“The lack of visibility that we currently have in the market is enormous,” explains Sebastián Velasco, managing director of Fidelity International for Spain and Portugal. The economic fallout from Russia’s invasion of Ukraine will likely last longer if the war does not end soon. The combination of stagnation and high inflation is here to stay.
Central banks will have to act by raising interest rates or by communicating if they prefer to continue to support growth and employment and not touch the cost of money for the time being. The market discounts that the Federal Reserve will raise its rates to 2.5% in the next twelve months through ten increases of 25 basis points and that the European Central Bank (ECB) will begin at the end of the year with two increases. Indeed, Federal Reserve Chairman Jerome Powell opened the door at the end of March to a more “tightened” monetary policy to curb inflation. Powell said the central bank would take “the necessary steps” to return to price stability, even if that sometimes means raising rates more than 25 basis points.
The Fed updated its forecast for this year at the end of March, raising inflation from 2.6% to 4.3% and the drop in growth figures from 4% estimated in December to 2.8%. The ECB, for its part, is now counting on euro zone GDP growth of 3.7% this year, instead of the 4.2% anticipated in December, while in 2023 GDP growth will be 2. 8% and puts inflation at 5.1% in 2022 and 2.1% for 2023, while in December he forecast price increases of 3.2% and 1.8%, respectively.
Wall Street analysts argue that you have to look back to look at the 70s and 80s of the 20th century. These years were marked in the United States by the recessions of 1969 and 1982 and an increase in prices due to military expenditure due to the Vietnam War and the establishment of social programs. The analysts and founders of DataTreak, Nicholas Colas and Jessica Rabe, point out in a study that despite the volatility and inflation of those years, the market beat prices: between 1970 and 1982, the CPI advanced by 159%, the S&P 500 by 169%.
The rebound at the end of March is proof of this. The market is not anesthetized but it was expecting an even worse scenario at the start of the war. “The stock market has been terrorized by three major risk factors: The possibility that the North Atlantic Treaty Organization (NATO) could enter the conflict, the energy supply would be interrupted and the financing channels could be blocked. None of these three things are happening and as a result the market breathes a sigh of relief and tries to discount prices that are less negative for the economy and businesses,” comments Roberto Ruiz-Scholtes, Chief Strategy Officer at UBS. in Spain.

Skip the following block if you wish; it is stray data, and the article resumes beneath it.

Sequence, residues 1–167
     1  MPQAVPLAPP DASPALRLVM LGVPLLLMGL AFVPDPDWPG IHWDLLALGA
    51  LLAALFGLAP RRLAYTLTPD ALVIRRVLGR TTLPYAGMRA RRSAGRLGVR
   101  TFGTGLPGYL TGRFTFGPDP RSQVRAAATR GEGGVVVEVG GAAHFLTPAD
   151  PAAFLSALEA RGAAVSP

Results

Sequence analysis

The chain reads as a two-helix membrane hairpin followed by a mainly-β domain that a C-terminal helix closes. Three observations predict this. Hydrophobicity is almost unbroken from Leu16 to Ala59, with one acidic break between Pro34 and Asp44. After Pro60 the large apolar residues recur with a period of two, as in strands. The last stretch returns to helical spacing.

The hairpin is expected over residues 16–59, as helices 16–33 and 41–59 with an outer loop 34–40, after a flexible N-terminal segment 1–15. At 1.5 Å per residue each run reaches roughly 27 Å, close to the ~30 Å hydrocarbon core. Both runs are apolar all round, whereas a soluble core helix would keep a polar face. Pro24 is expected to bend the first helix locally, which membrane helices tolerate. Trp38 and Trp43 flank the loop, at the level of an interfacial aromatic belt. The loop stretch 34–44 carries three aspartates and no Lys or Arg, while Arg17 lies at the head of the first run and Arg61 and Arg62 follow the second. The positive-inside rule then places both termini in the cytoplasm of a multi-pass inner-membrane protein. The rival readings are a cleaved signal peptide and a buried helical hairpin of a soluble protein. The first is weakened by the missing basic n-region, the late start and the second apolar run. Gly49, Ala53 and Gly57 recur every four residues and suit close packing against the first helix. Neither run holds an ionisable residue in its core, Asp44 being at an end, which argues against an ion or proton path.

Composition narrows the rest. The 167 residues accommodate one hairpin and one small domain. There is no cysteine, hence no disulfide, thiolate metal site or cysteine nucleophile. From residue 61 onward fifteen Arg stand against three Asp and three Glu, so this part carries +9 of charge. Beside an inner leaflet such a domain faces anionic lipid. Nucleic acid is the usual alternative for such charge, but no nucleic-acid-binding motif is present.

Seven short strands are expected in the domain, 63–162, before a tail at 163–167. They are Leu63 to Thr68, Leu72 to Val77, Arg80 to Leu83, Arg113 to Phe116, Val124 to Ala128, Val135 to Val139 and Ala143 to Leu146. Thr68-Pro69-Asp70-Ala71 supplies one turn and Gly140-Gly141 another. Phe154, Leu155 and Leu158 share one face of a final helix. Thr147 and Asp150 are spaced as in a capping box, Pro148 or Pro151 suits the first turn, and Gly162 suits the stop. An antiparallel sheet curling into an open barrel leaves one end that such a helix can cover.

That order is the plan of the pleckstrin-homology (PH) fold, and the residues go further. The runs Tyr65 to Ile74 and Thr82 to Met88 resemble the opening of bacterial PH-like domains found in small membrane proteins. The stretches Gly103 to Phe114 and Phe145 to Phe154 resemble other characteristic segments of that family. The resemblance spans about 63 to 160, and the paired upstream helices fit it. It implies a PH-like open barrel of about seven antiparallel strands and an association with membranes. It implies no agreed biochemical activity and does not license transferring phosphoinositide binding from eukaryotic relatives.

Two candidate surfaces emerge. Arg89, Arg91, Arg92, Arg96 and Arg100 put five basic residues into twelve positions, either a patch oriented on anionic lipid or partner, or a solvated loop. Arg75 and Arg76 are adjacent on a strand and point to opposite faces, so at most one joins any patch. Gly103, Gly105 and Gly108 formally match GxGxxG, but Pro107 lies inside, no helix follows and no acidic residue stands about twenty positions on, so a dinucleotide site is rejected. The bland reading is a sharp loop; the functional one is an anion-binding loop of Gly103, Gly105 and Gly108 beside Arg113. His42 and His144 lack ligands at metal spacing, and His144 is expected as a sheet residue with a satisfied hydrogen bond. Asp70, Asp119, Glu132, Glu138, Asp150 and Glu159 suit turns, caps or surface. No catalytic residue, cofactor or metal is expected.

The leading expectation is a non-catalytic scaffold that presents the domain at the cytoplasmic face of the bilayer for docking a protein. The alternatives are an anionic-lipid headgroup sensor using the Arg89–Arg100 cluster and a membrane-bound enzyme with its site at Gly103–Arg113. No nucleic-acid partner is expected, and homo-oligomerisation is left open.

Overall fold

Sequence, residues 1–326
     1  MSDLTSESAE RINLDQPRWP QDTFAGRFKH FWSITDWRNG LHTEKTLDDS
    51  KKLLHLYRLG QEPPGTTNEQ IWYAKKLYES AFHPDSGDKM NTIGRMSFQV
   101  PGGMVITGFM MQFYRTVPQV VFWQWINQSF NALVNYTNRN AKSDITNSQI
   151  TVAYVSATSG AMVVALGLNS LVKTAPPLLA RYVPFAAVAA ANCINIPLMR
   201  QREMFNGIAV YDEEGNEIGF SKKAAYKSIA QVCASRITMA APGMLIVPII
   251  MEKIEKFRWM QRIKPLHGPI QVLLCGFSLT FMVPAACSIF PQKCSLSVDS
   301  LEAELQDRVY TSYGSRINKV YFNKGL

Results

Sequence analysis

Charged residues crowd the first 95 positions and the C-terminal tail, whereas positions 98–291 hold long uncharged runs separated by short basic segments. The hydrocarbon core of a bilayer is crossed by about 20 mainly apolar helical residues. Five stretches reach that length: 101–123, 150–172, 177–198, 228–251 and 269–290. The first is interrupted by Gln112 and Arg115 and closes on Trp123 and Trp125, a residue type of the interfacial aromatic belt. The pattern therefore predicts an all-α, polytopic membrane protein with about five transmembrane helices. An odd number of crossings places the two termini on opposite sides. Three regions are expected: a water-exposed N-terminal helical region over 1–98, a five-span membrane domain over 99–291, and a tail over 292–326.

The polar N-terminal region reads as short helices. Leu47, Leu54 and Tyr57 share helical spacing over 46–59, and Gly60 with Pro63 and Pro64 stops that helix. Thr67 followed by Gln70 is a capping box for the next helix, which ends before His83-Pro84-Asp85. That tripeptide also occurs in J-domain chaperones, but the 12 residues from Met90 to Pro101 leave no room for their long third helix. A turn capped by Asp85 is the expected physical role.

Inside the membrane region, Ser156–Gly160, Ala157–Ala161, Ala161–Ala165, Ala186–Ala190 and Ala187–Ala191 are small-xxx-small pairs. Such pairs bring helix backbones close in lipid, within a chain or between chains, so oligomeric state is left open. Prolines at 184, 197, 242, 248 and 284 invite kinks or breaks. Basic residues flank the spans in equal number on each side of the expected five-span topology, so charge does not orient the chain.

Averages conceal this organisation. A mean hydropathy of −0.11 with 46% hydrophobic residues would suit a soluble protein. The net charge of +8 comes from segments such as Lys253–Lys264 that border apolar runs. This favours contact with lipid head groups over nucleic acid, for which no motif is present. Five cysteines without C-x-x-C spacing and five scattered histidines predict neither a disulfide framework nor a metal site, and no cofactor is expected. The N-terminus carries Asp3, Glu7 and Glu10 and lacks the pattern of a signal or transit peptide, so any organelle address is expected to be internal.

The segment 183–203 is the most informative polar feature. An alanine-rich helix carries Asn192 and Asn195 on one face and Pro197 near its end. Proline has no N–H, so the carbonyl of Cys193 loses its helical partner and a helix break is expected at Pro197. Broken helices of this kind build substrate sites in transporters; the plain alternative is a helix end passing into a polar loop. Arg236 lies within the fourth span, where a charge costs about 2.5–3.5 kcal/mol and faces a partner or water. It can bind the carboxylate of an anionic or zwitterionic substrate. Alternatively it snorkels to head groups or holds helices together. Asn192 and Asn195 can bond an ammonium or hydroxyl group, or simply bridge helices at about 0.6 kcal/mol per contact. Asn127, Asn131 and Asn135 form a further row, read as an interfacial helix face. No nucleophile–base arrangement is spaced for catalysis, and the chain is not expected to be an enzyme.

The most recent history shows that stock markets take an average of 49 days to recover from the start of a war, as a report from Banco Sabadell’s analytics department indicates. Of the wars of recent decades, the one that has done the most damage to markets has been the Gulf War, waged by a United Nations (UN)-sanctioned coalition force of 34 countries between August 1990 and February against Iraq in response to Iraq’s invasion and annexation of Kuwait. The S&P 500 plunged 16.9% and took 189 days to return to previous levels.
This disaster is followed by the North Korean missile crisis which affected the markets for 36 days. In the attack on the Twin Towers (11-S) it returned to previous levels in 31 days, during the Iraq War the S&P 500 returned to previous levels in 21 days, in the case of the 11-attacks M, it reached 20 days, 18 days is what the war in Syria affected and only 15 days when the Boston Marathon bombings and the Russian annexation of the Ukrainian province of Crimea took place.
Indeed, at the end of March, the markets recovered almost all the ground lost with the Russian invasion of Ukraine. The IBEX 35 is already down only 3%, but other indexes like the FTSE 100 are already positive. According to the experts, the most important thing, in any case, is to remain calm and not to panic in the face of the falls and the volatility that could occur in the coming days, because when there are signs of the end of the war, there will have a sharp rise as already happened in November 2020, when Pfizer announced the discovery of the vaccine against Covid-19.
Five keys left over from war